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Reader Rebuild Ė 2005 KTM 200 EXC

by JohnNicholas on 05/31/2010

Here is the story of my rebuild of my 2005 KTM 200 EXC, inspired me to have a go and do it myself.

Since starting racing as a 10 year old in 1984, I have had two dirt bike ambitions I really wanted to fulfil, first to ride a 500, second to rebuild my own motor. Well the first was ticked off last year in the dunes at Lancelin, north of Perth, Australia, thanks to the kind Kiwi who said in response to my request for a photo of his gleaming 2001 model CR500, ďTake it for a spin if you like.Ē Needless to say I took the offer up, let me tell you holding that baby wide open in 5th in a pair of shorts and sandals was quite a thrill. I have a neat little scar on my left calf to remind me of when the curve in the pipe branded me on that great day! Anyway, after 5 heavenly minutes I figured I would be wise to hand it back while I was still in 1 piece.

On my return to England I was reunited with my 200, which has since seen another yearís hard use. The routine Iíve been following is do the top end myself every 100 hours, get someone else to do the mains every 200hrs. Almost immediately after the 200hr full rebuild I drowned it good and proper, it seemed like I pumped a whole gallon of brown water out of the old girl, which was pretty depressing, but she seemed to shrug it off, but when I recently drowned it again in a huge mud hole at the 380 hr mark, I figured it was  time for a strip down. When the next day I landed off a log and there was a horrible squealing noise that lasted about 30 seconds my mind was made up. Later in the day it boiled over when I had to scream it to get up a sandy climb in a wood, so I knew I had to get to work. I had followed the CR 250 rebuild on the site with interest, and done lots of google searches about splitting crank cases, so armed with my workshop manual I set to work.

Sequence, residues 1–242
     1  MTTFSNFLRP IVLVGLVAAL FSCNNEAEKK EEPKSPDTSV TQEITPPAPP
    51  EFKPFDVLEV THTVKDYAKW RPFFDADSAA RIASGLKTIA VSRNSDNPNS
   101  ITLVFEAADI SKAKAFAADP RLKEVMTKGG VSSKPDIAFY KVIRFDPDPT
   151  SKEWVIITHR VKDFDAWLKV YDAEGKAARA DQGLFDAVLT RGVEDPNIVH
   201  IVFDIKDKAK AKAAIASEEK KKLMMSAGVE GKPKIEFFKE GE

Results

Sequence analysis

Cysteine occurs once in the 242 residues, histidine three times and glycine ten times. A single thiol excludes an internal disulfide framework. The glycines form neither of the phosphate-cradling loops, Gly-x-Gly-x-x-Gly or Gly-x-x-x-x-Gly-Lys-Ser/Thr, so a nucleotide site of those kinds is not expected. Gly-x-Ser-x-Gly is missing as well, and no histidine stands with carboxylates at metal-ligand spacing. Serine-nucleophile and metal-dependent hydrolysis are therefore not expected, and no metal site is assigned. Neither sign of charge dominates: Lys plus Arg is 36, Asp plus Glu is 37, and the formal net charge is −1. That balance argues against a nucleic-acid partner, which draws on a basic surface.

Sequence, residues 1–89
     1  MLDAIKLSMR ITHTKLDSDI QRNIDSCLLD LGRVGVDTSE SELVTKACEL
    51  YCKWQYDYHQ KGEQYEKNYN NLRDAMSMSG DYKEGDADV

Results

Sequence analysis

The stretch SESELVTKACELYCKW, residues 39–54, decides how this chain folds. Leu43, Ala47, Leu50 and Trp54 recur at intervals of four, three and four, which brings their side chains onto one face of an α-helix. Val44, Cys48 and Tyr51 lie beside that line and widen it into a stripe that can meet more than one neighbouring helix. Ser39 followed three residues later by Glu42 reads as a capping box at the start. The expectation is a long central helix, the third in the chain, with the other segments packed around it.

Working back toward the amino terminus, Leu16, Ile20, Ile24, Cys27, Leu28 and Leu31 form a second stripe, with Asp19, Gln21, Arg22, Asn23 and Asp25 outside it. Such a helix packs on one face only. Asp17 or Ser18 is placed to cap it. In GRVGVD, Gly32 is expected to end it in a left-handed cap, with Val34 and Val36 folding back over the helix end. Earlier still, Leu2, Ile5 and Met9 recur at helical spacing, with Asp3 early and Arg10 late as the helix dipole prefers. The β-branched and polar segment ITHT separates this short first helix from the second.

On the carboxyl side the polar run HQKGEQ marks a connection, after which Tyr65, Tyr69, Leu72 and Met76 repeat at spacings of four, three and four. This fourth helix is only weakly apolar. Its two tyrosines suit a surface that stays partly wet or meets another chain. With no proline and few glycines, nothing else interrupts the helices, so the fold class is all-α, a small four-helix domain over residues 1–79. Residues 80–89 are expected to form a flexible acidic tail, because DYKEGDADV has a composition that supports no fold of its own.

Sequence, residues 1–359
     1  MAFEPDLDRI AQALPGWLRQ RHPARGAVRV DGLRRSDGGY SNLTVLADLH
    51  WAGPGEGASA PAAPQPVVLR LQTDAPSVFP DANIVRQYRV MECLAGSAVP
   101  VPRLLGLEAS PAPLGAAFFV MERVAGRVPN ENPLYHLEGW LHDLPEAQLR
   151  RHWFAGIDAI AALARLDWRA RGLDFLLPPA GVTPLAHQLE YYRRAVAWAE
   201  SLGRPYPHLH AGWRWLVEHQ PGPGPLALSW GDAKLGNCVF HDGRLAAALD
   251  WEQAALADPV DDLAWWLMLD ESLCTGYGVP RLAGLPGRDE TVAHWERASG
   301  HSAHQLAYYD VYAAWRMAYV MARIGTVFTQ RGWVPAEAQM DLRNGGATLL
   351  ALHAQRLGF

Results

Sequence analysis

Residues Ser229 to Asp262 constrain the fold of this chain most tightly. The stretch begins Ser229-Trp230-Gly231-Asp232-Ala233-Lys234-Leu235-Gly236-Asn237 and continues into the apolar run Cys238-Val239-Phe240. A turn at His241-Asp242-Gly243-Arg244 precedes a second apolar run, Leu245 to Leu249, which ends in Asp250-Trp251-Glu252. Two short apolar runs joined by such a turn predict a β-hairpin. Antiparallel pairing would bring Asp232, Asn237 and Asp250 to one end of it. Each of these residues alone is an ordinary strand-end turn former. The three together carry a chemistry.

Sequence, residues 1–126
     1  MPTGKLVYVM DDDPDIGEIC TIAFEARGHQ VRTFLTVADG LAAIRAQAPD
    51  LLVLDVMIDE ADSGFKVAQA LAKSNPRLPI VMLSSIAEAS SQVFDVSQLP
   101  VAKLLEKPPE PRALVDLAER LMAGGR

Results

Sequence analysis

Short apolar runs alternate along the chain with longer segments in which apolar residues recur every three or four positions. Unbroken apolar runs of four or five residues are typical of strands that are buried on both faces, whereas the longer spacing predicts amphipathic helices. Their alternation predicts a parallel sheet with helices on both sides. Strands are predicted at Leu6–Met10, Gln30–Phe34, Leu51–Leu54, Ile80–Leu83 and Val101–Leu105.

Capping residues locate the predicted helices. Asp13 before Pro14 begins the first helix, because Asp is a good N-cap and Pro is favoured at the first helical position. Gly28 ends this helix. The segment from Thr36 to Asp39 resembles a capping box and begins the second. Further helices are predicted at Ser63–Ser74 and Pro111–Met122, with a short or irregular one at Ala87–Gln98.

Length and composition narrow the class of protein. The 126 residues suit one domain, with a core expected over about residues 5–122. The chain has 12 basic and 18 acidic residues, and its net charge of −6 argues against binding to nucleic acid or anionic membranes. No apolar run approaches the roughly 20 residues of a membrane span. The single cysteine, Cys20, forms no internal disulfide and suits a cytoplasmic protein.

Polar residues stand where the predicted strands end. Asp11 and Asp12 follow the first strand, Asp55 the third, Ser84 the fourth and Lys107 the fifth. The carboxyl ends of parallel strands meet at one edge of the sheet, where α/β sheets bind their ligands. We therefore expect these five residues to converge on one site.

I bought a KTM clutch holder and primary gear holder as well as the inner ring tool, for removing and fitting the bush that slips on the crank and sits in the roller bearing. As their rotor holder is $160-00 here, no joke, and the shift roller holding key was out of stock, I asked my friendly neighbour Phil the farmer and his cousin Steve if they could help me out and 1 hr later I had a DIY rotor holder and key blank. The blank took about 20 minutes of filing to get a good fit and I was good to go.

I opted to take the motor out before removing the primary gear nut and clutch hub nut, they both came off with the motor sat on the bench, with me holding the motor in 1 hand and a breaker bar in the other with no problems. I did remember the primary gear nut is left hand thread! At this point I discovered the source of the horrible noise, the intermediate starter gear had spat a tooth off, which had done some pin ball action before shredding the water pump drive. New parts were duly ordered.

This motor doesnít require a crank case splitter , the cases eased apart with no problems, I tapped away gently with a plastic mallet and used the tabs on the cases to prise them apart by hand. I was a bit concerned about putting the tranny back together so I took lots of pictures and made running notes as I disassembled it. Actually there was nothing to worry about, the important thing is to make sure the stop discs on the end of the shafts donít get forgotten, and keep a grip on the lower end of the whole assembly when removing it so gears donít come flying off.

I had decided because of all the water thatís been in the mill I would replace all the high speed bearings while I had it in bits, I opted to leave the gear shift and kick start roller bearings and the shift drum bearing in, as they showed no signs of corrosion and donít lead too hard a life. I was pleased to see that the cylinder looked just as it did 100 hrs before, you can still see all the original hatching marks, and there isnít any sign of wear. The piston with over 100 hrs on it had just a few signs of blow by.